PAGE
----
In a founder-dense city like San Francisco, which further has two peak neighborhoods where tech companies congregate (SoMa and the Mission), what this means is that you can't walk down the street without (almost literally) running into someone else who is starting a tech company. If you are sitting in a coffee shop or a bar, it means you are sitting across from someone else who might be able to hire you.
So in practice, if you are young software developer or entrepreneur in San Francisco, you can choose to work at a start-up that will have a more than 50 percent chance of going out of business in the next 18 months without risking the embarrassment of running out of money and having to move back in with your parents. Because when that start-up does fail, you will park yourself back at that coffee shop, open your laptop, and wait. Within one week you will most likely have another job or will have found another co-founder, and be back in business. Since you probably have two or three months of living expenses saved up, if you can get a new job in a week, this isn't actually risky at all. While tech ventures are individually risky, a sufficiently large number of them close to each other makes the experience of working in start-ups safe for any one individual. I like to visualize this as a series of lily pads in a pond, occasionally submerging as their funding runs out. If you are a frog, and there are enough other lily pads nearby, you'll do just fine.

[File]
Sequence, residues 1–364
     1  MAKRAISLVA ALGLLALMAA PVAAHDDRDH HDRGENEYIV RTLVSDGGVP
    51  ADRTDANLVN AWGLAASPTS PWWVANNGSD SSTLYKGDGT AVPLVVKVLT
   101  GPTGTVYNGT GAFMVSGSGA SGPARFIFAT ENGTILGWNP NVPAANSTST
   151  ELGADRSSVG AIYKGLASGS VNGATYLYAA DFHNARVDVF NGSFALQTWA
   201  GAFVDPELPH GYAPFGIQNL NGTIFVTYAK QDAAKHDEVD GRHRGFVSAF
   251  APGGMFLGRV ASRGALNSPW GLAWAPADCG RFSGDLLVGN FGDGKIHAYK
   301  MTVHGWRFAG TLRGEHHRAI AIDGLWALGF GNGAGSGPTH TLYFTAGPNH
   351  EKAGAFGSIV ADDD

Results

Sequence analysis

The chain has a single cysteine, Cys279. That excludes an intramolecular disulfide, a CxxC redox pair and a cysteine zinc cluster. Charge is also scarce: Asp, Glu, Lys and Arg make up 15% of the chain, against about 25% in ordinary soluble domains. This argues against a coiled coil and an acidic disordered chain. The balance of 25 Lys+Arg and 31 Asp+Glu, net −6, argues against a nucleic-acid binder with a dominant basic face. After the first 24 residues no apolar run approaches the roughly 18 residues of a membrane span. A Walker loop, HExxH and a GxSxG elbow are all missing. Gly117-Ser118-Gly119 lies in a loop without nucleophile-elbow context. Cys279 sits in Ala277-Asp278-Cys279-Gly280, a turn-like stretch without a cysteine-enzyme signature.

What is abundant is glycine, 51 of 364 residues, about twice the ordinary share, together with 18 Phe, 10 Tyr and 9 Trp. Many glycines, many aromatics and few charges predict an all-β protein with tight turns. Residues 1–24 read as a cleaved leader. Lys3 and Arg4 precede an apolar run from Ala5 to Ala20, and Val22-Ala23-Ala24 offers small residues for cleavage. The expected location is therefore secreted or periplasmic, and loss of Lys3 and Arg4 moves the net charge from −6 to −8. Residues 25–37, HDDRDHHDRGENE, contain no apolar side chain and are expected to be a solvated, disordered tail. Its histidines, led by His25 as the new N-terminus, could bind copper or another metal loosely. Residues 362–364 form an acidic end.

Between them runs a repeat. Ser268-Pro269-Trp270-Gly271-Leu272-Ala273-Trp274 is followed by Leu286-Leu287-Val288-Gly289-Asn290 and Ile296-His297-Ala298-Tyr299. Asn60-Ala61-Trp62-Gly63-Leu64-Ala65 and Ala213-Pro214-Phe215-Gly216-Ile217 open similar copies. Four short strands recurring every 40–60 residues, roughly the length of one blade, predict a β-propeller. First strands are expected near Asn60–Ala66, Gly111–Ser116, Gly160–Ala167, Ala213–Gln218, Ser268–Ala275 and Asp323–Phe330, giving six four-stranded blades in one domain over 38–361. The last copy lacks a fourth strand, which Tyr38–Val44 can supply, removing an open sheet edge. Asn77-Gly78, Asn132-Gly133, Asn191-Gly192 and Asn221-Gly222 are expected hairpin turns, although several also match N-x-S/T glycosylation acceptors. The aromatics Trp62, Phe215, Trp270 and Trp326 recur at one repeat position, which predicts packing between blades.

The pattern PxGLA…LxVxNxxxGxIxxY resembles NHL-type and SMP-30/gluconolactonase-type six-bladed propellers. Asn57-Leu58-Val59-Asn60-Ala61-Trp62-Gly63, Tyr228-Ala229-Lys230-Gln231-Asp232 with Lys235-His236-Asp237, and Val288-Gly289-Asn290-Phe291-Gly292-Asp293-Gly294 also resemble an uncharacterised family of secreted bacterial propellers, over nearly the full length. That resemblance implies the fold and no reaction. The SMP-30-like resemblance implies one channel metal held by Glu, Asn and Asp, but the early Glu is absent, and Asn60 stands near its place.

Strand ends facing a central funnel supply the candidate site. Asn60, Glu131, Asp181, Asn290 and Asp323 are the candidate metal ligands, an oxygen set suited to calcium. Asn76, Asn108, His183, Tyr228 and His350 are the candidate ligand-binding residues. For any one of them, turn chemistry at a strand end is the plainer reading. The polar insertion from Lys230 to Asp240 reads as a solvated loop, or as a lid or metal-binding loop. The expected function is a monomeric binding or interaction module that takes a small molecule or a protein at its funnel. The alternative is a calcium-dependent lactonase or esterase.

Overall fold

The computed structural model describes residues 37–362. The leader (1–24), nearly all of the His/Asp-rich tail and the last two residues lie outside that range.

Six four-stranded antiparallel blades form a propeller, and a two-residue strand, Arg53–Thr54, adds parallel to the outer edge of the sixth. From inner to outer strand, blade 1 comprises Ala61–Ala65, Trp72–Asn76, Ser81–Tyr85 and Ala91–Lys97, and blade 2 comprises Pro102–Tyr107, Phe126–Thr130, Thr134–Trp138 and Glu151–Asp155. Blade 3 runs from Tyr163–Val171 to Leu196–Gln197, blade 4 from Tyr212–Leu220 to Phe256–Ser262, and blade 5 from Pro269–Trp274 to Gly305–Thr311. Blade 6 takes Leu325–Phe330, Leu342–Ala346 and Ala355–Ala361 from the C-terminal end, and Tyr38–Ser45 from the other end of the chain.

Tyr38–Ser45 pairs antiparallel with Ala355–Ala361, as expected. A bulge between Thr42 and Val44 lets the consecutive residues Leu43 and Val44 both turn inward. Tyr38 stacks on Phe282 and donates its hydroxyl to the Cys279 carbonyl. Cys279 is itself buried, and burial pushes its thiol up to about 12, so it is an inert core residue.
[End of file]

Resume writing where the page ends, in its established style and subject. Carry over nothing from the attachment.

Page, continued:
The graph of founder-density by city suggests a classic power law, which we see in network effect systems where "the rich get richer." And that is what we see in the graph--so apparently the benefits of having a lot of entrepreneurs in one area increase with their numbers. Beyond simply having a lot of people near you to work with, I believe that the openness and willingness to share inherent to Silicon Valley is a big driver in this effect.
That's because once you reduce the risk of failure by having a lot of people around who will hire you next, everyone becomes more open and friendly about what they are working on, which then further amplifies the benefits of having a lot of people around. In other words, if you are a 3-D developer looking for a new 3-D project to work on (like my new company, High Fidelity!) and people are talking a lot about what they are working on, you will find that project even faster.
If you want to create a vibrant start-up ecosystem somewhere else that is competitive with San Francisco and Silicon Valley (and this is starting to happen right now in places such as Boulder and Austin), you want to do two things: You want to pack the people working together into as dense an area as possible, with public areas and co-working venues where they will see each other constantly, even when they aren't working in the same company. And then you want to encourage them to let down their guard and be as open as possible about what they are doing.
Also, consider this: If the magic of San Francisco is simply driven by the natural result of having so many of the same sort of people pile up in one place, then this means that as technology continues to inexorably lower the communication barriers between us, we will see more of these magical places pop up, as we are seeing with Boulder and Austin.
Finally, if virtual reality at some point offers the ability to communicate in as natural and compelling a way as we do face-to-face in San Francisco, we can expect a sudden disruption as the biggest "city" of the tech future goes 100 percent online.